By Matt Agorist
The Free Thought Project

Parents calling police to make sure they are in compliance with the law prior to spanking their kids is a real concern and becoming a common practice.

As WPBF reports, a Florida father said he wanted to discipline his daughter by paddling her, but did not want to break the law, so he called the Okeechobee County Sheriff’s Office to come supervise.

The man’s 12-year-old daughter got into a heated argument with her sister Monday, and the father wanted to discipline his daughter, according to a deputy’s report. A deputy came over to his house, supervised the discipline, and determined it was within legal bounds and that there was no crime, and left, authorities said.

Although it may sound bizarre to some parents, the sheriff’s office has received several similar requests in the past. Undersheriff Noel Stephen said he has personally supervised approximately 12 spankings.

“It happens,” Stephen said. “It’s definitely not something we advertise to do, and even though law enforcement has been willing to help out in this situation, watching a parent discipline their child is something that’s done only when a deputy has no other calls to handle.”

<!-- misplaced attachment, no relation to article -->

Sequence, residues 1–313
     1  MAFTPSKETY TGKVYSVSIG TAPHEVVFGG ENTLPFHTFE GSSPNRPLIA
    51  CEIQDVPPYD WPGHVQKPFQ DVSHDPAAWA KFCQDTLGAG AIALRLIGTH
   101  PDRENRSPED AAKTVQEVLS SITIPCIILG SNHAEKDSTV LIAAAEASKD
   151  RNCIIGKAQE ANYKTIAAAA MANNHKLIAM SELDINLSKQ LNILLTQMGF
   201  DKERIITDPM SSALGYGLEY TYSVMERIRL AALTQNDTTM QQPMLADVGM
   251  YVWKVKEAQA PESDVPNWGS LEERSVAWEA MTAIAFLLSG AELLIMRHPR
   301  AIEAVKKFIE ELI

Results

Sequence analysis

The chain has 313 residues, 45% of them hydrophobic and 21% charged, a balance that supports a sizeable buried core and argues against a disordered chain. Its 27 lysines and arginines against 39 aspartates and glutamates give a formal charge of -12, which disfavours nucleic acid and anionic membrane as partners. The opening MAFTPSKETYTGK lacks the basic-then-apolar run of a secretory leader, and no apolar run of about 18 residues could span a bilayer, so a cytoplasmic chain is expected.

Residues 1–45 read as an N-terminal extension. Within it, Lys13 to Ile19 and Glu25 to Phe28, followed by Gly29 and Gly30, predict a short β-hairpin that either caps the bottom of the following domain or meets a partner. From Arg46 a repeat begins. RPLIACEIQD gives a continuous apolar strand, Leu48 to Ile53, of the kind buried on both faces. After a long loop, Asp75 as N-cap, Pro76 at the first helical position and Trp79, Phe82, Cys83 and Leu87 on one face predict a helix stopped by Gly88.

Stephen estimated that he alone, has supervised 12 spankings.

In Florida, corporal discipline of a child is not considered abuse as long as it’s done by a parent or legal guardian and does not result in harm, according to state law. In fact, corporal punishment is legal in all 50 states.

The very idea that someone thinks they must ask permission from the state in order to discipline their child is despicable.

Although this author believes that the act of spanking teaches children that violence is okay in a loving relationship, is an easy way out of actual discipline, is repugnant, and is a causal factor in making children more aggressive later in life, the manner in which parents interact with their children, is personal and private, and most assuredly no matter of the state.

Obviously causing physical harm to a child is child abuse, which can be argued as a separate issue.

However, the very idea that a person should have to rely on an institution, who owe their very existence to the monopoly they hold on the initiation of force, to supervise the private familial act of discipline, speaks volumes as to how much today’s society has aligned itself with the dystopian fictions of the past such as Huxley’s Brave New World, or Orwell’s 1984.

To those who think that calling the cops to supervise you disciplining your children, and to the members of the state who condone it, the Free Thought Project would like to issue the following bit of advice.

1984 was not an instruction manual. 

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